C. Regulatory protection: The Department of Justice’s media subpoena and search warrant guidelines.

Date: 
May 9, 2017

As mentioned earlier, the Department of Justice has issued guidelines governing the use of certain law enforcement tools to obtain records of or pertaining to the news media.[1]  Prior to 2014, the guidelines covered subpoenas; today, they cover search warrants, subpoenas, and court orders issued under the Stored Communications Act.[2]  The guidelines are not legally enforceable but might be considered a “social contract” between the news media and the government.

B. Statutory and common law protections: state shield laws, testimonial privileges, and the Privacy Protection Act.

Date: 
May 9, 2017

The majority of states recognize a reporter’s privilege based on state law.[1]  Thirty-nine states and the District of Columbia have shield laws, which give media varying degrees of protection for confidential source information.[2]  Some shield laws protect reporters from forced disclosure of their sources.  Other shield laws provide qualified or absolute protection that varies depending on the type of legal proceeding (civil or criminal), the scope of the statute’s definition of “journalists,” whether material is confidential and/or published, and whether the journalist is a defendant or an independent third party.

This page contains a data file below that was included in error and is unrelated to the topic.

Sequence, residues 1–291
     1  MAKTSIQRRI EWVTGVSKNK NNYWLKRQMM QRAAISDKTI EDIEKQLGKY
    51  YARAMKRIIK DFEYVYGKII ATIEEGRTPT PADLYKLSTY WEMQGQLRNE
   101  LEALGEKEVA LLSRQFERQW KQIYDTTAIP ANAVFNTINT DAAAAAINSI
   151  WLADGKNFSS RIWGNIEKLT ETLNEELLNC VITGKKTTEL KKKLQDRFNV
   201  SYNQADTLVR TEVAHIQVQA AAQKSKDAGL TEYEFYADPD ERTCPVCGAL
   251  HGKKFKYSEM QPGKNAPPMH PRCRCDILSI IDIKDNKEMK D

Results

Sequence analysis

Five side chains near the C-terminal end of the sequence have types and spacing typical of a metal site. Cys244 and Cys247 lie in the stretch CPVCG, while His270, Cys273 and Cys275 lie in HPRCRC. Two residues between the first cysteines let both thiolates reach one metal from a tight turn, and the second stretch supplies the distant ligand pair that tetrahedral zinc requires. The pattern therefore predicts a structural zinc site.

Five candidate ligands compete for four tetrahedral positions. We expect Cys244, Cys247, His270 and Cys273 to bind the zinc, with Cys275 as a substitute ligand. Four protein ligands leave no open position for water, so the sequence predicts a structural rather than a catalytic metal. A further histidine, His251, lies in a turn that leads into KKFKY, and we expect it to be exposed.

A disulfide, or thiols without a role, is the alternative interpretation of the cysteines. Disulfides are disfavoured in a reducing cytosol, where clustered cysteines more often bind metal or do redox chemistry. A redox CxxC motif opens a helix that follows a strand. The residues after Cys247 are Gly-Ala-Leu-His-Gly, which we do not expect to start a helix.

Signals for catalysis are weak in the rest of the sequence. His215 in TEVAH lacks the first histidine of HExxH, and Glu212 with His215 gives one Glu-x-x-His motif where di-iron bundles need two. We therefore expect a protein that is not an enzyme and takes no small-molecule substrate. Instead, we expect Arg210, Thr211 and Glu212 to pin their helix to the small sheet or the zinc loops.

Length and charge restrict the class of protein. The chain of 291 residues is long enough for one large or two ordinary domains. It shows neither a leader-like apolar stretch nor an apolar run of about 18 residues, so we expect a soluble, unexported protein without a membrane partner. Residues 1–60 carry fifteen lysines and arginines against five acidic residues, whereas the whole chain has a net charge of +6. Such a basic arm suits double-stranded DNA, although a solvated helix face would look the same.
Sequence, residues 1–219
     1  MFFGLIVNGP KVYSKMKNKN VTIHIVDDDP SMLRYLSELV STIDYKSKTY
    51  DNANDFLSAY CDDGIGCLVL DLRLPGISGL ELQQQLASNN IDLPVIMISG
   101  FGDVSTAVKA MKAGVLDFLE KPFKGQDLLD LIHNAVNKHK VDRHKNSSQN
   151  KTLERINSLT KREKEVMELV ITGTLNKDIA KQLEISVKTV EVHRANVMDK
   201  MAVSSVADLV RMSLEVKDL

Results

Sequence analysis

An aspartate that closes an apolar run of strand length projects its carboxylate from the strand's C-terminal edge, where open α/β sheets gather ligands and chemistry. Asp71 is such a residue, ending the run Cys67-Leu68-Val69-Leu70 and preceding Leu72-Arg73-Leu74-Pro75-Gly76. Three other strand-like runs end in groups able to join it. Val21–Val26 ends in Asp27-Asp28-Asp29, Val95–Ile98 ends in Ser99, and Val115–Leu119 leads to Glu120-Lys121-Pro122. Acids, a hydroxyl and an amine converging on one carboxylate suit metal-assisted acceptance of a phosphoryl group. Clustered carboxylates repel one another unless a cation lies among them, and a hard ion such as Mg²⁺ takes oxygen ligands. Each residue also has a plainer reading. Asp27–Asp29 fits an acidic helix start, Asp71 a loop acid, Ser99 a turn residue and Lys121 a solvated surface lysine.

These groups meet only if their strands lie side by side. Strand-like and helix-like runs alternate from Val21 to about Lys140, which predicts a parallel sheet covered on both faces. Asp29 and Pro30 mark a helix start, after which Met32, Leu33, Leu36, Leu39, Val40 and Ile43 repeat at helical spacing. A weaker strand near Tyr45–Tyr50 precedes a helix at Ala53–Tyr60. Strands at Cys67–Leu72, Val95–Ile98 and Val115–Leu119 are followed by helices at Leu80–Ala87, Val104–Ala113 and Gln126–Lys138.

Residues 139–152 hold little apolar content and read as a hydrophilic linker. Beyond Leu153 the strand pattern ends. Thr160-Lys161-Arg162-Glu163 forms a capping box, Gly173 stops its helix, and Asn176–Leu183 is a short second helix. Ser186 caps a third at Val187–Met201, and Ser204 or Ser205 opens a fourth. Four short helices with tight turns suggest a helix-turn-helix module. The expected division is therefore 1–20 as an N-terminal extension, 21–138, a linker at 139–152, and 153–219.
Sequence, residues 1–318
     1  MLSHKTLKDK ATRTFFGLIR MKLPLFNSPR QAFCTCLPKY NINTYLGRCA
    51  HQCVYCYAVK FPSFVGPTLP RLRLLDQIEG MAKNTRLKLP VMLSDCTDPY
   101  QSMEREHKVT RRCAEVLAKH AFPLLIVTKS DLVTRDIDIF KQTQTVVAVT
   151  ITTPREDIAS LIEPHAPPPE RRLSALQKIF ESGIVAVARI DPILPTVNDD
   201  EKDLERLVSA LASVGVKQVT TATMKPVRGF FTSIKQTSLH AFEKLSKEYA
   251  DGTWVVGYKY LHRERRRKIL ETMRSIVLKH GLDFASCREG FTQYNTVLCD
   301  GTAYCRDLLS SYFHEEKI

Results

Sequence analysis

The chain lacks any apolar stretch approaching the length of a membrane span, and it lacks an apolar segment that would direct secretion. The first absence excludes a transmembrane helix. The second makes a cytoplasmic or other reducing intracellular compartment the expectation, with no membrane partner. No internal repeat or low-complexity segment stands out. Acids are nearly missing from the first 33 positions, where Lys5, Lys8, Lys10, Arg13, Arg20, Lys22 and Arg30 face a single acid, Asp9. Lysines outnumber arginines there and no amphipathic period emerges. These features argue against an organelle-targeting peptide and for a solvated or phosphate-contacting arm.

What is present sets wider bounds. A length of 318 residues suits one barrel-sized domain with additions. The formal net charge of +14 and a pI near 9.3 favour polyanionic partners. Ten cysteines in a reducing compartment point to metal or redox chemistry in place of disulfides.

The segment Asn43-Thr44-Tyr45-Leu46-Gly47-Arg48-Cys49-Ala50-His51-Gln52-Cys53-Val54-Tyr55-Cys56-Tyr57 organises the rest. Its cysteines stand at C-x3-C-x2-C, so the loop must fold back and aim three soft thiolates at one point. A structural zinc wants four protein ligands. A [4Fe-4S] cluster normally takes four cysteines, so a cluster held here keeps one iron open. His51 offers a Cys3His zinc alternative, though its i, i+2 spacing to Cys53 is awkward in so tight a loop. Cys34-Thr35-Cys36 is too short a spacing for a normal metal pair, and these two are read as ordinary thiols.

A. Constitutional protection: The First and Fourth Amendments.

Date: 
May 9, 2017